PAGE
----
There's a few bookworms amongst the team here at Venture Trust, and we're always on the look-out for books that help us to articulate the issues facing our participants, the wider context of our programmes, and the need for our support.
Below are our suggestions. All of these are well worth a read as background to understanding why we do what we do, why it's so necessary, and why it works. We're always on the look out for new suggestions though, so please get in touch if you've read anything you think we should include here.
Meanwhile, we highly recommend you curl up with a cup of tea and one of the following...
Wasted, Mark Johnson.
A life story of the author - charting abuse, drug use, prison, homelessness and ultimately, recovery and success. Illustrates that change is always possible, that no one should be considered 'beyond hope', and shows the interconnectedness of the issues facing complicated young people.
"It's an all too familiar story of a loveless childhood blighted by violence and a damaged adolescent turning to alcohol and drugs. Yet what set this misery memoir apart is not the fact that he came through it and won the 2005 Prince's Trust Young Achiever of the Year Award, but that he is using its lessons to inform government policy. 'The book. It's not about me,' Johnson stresses. 'I'm opening the door for people'." - Guardian interview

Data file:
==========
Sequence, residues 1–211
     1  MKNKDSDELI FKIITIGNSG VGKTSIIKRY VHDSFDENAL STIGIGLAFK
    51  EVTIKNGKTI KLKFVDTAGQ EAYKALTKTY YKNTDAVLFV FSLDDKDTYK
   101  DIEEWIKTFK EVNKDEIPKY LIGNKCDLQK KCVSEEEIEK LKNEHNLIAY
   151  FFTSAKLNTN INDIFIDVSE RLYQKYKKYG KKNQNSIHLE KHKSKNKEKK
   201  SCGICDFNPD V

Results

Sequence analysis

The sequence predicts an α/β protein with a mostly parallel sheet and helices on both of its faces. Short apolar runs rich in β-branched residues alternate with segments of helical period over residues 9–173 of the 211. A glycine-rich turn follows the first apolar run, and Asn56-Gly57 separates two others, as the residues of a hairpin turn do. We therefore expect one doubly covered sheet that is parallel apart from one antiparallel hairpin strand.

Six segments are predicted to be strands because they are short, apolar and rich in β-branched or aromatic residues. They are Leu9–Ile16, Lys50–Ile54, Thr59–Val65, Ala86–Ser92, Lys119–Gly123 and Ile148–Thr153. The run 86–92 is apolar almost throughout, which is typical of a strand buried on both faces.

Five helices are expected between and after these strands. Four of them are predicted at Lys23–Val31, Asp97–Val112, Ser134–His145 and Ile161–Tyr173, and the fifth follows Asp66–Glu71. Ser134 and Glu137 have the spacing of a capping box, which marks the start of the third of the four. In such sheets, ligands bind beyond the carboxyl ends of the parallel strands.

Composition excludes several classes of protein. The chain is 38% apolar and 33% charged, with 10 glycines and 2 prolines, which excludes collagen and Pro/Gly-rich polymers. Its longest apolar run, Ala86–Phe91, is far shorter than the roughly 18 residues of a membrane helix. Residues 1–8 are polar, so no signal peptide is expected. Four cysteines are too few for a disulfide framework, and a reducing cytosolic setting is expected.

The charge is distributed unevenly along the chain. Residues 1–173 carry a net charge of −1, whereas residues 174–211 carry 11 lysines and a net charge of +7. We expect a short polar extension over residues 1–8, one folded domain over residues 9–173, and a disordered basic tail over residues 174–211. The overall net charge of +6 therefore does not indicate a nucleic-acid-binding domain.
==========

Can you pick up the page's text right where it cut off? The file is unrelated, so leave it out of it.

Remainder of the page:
Boy A, Jonathan Trigell.
A look at the difficultlies and practicalities of life after release from years in a Young Offenders Institution.
"Broadly based on the James Bulger tragedy, it tells the story of Jack, now aged 24 and trying to start again under a new identity after years at juvenile institutions. When he buys a cut-throat razor with his first earnings, the future looks bleak.
This is no born villain. There are many references to the possible contributions made by his miserable childhood. Parents and local authority seem happy to ignore his repeated truanting, punctuated by pitiless bullying in school. Then there is his truly dangerous companion, Boy B, without whom Jack would have been far too gormless to have got into such terrible trouble.